My rule is never do the same thing twice. For example, I may use a teal color (three times in this painting) but I force variation in each repetition. There are two small teal shapes and one teal line. One of the shapes has been lightened and made opaque while another is textured over with a tone . . . .so you see the teal shape, but know immediately it is different. The kicker is to drill one’s self to make each mark feel as though it has ‘membership’ or belongs to the others. When that is done well, interest rises.
I will grant that someone there in cyber land won’t like this painting. Maybe someone will say it is tooooo much! Too contrasty or too dark or too edgy or too something. That is okay by me. Every painting, successful or not, is a learning trial. That is to say, if the artist goes about making art via continuous experimentation and exploration to see what will happen . . . . .eventually that artist will excel at his or her art and most likely pass other established artists.
The trick is to get on the horse and ride like the wind. Put the spurs on and go as fast and as hard as one is able. The cool thing about getting on is this: If you fall off this horse, no one gets hurt!

Series Article

Still life 93
Watercolor 15 x 22 inches
You have, no doubt, heard about the idea of ‘working in series.’

There are tons of reasons for it, one of which is to improve on a theme. The least obvious is that through the confinement of doing some single thing over and over again is that the artist’s creative mind is awakened and begins to work overtime. I say that it is liberation through confinement.

In fact, if you’d like to know more about the process of series work and what it can do for you and your art . . . . .or if you are a lay person and want to truly understand what the mystery is inside of an artist’s work process . . . . .pick up a copy of the October issue of “WATERCOLOR ARTIST” magazine.
In that magazine is an article entitled, “Play it Again” authored by yours truly. I hope you find it interesting.
Oh, the painting above is another in the long series of still life experiments. This one was done yesterday. I do these when I yearn to paint but have no specific idea of **what** to paint. This helps me loosen up for paintings to come, exercises my creative muscles, opens thinking channels, allows me to experiment without danger of failure and on and on and on. Thought you might like to see how I ‘doodle’ with my paints.

Oil Brushwork

“Henry’s Purple Patch”
Oil on canvas panel, 8 x 10 inches
I am not sure this painting shows it off well . . .or that any of the others do either. The reason I am not sure, is that brushwork is actually ignored, infavor of no brushstrokes being evident, in watercolor. I am a watercolor painter learning painting. Yep~! Us artists are ALWAYS learning. Always on the lookout for another way to say what needs saying . . .(or to avoid it).
As an element of design, texture is right up there with Line, Shape, Value and Color. It is clearly visible and adds a sense of tactileness to a painting. In watercolor, one must work to obtain texture. It some cases, texture is almost an after thought. Not so with oil. No siree!! With oil, you get texture with every brush stroke! It is when texture is not wanted that a conscious effort must be made to eliminate it. Just the opposite from watercolor.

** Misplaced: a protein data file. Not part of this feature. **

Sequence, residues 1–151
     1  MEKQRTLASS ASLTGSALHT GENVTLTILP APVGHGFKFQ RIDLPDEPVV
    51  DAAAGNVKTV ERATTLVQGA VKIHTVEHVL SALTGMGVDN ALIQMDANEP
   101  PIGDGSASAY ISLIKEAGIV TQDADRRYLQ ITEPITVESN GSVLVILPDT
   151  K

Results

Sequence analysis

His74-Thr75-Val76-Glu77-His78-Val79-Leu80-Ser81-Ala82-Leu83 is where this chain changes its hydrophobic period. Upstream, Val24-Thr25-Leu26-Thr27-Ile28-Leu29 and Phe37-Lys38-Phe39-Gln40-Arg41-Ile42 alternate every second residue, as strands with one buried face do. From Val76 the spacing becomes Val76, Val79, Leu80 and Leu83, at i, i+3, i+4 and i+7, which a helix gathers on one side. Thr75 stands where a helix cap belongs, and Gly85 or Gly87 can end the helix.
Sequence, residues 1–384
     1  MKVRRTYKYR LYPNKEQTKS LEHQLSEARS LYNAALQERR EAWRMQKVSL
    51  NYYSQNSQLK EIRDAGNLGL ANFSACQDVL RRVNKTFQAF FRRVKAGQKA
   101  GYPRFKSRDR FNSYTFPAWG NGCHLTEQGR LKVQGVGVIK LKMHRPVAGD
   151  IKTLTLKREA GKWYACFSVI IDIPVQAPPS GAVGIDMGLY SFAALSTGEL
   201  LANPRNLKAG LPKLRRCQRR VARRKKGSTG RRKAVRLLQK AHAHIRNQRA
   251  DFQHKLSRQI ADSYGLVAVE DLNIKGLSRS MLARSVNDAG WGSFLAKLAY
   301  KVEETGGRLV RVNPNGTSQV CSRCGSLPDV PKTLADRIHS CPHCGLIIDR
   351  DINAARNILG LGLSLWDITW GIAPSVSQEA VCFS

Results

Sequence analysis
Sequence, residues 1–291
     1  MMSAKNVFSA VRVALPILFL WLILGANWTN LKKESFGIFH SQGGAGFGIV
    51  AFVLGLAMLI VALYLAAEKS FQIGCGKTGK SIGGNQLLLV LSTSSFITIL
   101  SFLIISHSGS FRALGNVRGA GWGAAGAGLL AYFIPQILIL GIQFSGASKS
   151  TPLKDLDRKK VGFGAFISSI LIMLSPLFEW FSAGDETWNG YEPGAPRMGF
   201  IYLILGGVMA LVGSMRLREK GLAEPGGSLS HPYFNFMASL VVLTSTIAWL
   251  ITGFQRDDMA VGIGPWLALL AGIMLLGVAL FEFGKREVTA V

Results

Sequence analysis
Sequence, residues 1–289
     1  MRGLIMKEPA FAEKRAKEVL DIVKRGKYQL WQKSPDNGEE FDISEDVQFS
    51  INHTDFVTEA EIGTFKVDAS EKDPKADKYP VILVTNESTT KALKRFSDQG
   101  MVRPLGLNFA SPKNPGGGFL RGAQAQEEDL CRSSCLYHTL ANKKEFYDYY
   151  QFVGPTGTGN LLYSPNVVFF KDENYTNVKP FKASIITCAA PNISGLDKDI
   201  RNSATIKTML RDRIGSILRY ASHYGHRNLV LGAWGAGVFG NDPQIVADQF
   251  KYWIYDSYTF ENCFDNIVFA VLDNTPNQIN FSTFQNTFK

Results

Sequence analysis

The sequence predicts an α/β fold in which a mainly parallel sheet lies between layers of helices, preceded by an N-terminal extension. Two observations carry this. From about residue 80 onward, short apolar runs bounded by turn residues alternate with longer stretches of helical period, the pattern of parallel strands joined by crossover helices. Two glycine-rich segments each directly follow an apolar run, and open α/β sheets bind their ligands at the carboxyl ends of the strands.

I have been scolded and complimented on “brushwork.” And it is the least able to be articulated verbally or in print in order to teach how to do it ‘well.’ It is perceived as good, or it isn’t. At least, that is my take on it. Swirls, swishes, schmushes, schlobs and plops all count in the brushwork world. Its when to and when not to that makes the difference (I think). Brushwork expresses texture and edges throughout the painting.
I suppose one must have a sense for aerial perspective to know when and when not to emphasize it . . . .is that correct? Anyone have any ideas about brushwork? Sometimes, I think I am coming to terms with it and it becomes automatic. Other times I catch myself wondering.
Painting these meadow paintings is giving me lots of practice and plenty of room to try stuff. I am learning that holding that long brush by the last end of the handle makes better brushwork. I am also beginning to consciously make an effort to make it all different . . .lots of variation. I know there are some who would argue that, but I sure am not informed about it.
So, here’s your chance, oil painters. Tell me bout it, if you can. I can’t say I am mystified, but I am not far from it.

Painting Wetlands

“Elkhorn Morn”
oil on canvas panel, 12 x 16 inches
Here is another of the painting binge I have been on. Elkhorn Slough . . . .wetlands on the Monterey Bay in California. Just pull the car over and start painting! So much goes on here . . .wildlife everywhere of all kinds . . .birds, seals, sea otters, deer, . . . .and a few people.

As you can see, there is much to paint! Shapes, reflections, textures, shadows, lines . . . more experience to rack up (brush mileage). This was a wonderful day!

Brush Mileage

“Reflected Umbers”
oil on linen panel 8 x 10 inches

A few years back I ran across a group of oil painters who were doing a painting daily. There were a few who were pretty good at it, but most were wrestling with the different painting skills. I have since looked up a few of those same painters and am astonished by their accomplished work. No one injected them with some masterpiece serum or told them “the secret.” (There isn’t a secret, save for one concept.) No one passed along some ancient potion to drink or introduced them to the teacher who could miraculously transform them into master painters. Nor did they arrive at mastery suddenly.

They already knew the secret to achieving mastery . . . .and they exploited it. For us painters, we call it brush mileage. That is to say that the more one paints, the better one becomes. Reaching mastery simply comes from a ton of practice. (Whadda concept !!!)

This painting looked like mush when I finally threw in the towel. Some careful thought, a wise crit from a friend and 15 minutes of patient rework brought what I wanted to say out of it. Those simple minutes seemed almost absurd. It came so easy. It sure wouldn’t have been easy 100 paintings ago! Something came about in the last 100 paintings.

It was the brush mileage that was adding up to bring a confidence with the brush that I didn’t have without all that practice. That’s what the daily painters knew. They knew when they started that a painting per day would deliver extraordinary skills. Amen !!!